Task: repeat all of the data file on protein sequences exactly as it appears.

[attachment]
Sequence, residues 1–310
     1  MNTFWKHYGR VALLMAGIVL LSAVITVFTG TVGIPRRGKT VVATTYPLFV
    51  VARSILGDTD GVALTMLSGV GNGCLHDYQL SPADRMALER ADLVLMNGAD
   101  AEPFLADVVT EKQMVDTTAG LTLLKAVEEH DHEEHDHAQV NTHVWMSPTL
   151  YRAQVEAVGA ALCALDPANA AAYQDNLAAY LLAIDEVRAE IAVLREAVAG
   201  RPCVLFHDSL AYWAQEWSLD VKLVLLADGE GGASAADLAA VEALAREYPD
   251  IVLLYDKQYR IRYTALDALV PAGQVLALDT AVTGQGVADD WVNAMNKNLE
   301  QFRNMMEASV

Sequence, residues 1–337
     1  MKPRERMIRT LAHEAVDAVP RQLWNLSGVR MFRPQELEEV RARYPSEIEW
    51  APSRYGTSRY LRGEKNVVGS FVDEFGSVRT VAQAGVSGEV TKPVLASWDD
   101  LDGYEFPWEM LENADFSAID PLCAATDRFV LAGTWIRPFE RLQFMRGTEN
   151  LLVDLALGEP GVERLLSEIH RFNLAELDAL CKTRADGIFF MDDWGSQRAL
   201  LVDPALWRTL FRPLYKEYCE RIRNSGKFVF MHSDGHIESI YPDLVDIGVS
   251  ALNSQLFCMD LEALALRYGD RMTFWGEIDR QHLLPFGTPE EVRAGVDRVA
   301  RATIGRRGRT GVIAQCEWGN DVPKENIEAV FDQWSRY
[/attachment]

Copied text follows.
Sequence, residues 1–310
     1  MNTFWKHYGR VALLMAGIVL LSAVITVFTG TVGIPRRGKT VVATTYPLFV
    51  VARSILGDTD GVALTMLSGV GNGCLHDYQL SPADRMALER ADLVLMNGAD
   101  AEPFLADVVT EKQMVDTTAG LTLLKAVEEH DHEEHDHAQV NTHVWMSPTL
   151  YRAQVEAVGA ALCALDPANA AAYQDNLAAY LLAIDEVRAE IAVLREAVAG
   201  RPCVLFHDSL AYWAQEWSLD VKLVLLADGE GGASAADLAA VEALAREYPD
   251  IVLLYDKQYR IRYTALDALV PAGQVLALDT AVTGQGVADD WVNAMNKNLE
   301  QFRNMMEASV

Sequence, residues 1–337
     1  MKPRERMIRT LAHEAVDAVP RQLWNLSGVR MFRPQELEEV RARYPSEIEW
    51  APSRYGTSRY LRGEKNVVGS FVDEFGSVRT VAQAGVSGEV TKPVLASWDD
   101  LDGYEFPWEM LENADFSAID PLCAATDRFV LAGTWIRPFE RLQFMRGTEN
   151  LLVDLALGEP GVERLLSEIH RFNLAELDAL CKTRADGIFF MDDWGSQRAL
   201  LVDPALWRTL FRPLYKEYCE RIRNSGKFVF MHSDGHIESI YPDLVDIGVS
   251  ALNSQLFCMD LEALALRYGD RMTFWGEIDR QHLLPFGTPE EVRAGVDRVA
   301  RATIGRRGRT GVIAQCEWGN DVPKENIEAV FDQWSRY